Music to Remember My Father By

You could call my father a lot of things, but a country music enthusiast he was not.

He died four weeks ago today, from complications from Alzheimers. He’d been diagnosed almost eight years ago, and made a slow descent until the last few days, when he suddenly began letting go in a hurry. One of the cruel things about Alzheimers is that you have to hurry to get your “good-bye” in. Otherwise, you get a sad feeling one day that you wanted to say something but didn’t get your point across, followed by the realization that the best conversation you’ll ever have with your parent is already in the past.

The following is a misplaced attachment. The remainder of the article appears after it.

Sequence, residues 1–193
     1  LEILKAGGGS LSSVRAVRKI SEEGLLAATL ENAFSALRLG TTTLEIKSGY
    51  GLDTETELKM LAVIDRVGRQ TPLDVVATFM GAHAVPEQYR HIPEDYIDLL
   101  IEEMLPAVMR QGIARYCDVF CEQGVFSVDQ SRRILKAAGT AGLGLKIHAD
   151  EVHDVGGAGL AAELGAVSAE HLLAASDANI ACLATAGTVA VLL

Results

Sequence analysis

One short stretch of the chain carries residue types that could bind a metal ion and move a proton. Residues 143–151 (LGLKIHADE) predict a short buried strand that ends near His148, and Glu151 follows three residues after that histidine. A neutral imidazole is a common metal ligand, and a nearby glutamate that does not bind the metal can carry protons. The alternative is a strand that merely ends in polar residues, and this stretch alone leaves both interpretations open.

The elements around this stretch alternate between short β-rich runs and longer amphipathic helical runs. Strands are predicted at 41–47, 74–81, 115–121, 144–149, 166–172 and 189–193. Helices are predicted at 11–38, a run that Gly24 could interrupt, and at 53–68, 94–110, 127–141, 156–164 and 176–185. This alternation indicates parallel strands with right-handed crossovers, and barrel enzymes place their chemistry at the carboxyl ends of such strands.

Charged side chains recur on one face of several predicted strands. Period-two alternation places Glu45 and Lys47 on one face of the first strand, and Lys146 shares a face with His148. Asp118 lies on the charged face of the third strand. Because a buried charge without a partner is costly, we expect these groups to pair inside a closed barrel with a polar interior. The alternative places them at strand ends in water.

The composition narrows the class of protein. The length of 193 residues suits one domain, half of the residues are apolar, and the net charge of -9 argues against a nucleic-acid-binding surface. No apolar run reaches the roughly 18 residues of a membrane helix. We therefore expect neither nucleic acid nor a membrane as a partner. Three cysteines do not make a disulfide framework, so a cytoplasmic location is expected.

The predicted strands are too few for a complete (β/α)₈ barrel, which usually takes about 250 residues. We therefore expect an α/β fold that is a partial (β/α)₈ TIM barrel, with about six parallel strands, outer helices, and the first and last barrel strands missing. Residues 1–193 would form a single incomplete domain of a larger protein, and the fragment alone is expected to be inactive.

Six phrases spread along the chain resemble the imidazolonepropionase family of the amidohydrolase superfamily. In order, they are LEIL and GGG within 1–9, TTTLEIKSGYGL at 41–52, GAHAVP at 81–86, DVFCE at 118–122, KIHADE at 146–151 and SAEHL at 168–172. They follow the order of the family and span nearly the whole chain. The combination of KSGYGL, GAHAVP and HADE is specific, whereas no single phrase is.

My father Hugh Bowe and me.

My father Hugh Bowe and me.

I had the honor of delivering my father’s eulogy at the Saint Gregory the Great Church, across the parking lot (“the macadam,” the nuns used to call it) from the Catholic grammar school I attended through 4th grade. I felt I’d been handed an opportunity to shape my family’s memory of him. I also knew enough about writing to know that you have to pick one theme, and that’s about all you get.

My father was a laboratory glass salesman who learned to golf on “caddies day.” He was a big fan of Dale Carnegie’s How To Win Friends and Influence People. He had a legendary sense of humor that, like Groucho Marx’s, was both charismatic and occasionally cruel at the same time. A working class kid from a broken home makes good, raises a family and becomes a professional, but stays true to his roots, peppered by a few of his funnier anecdotes: That’s a slam dunk of a eulogy, but what was the theme? The spin? The bit of license the eulogist can exercise?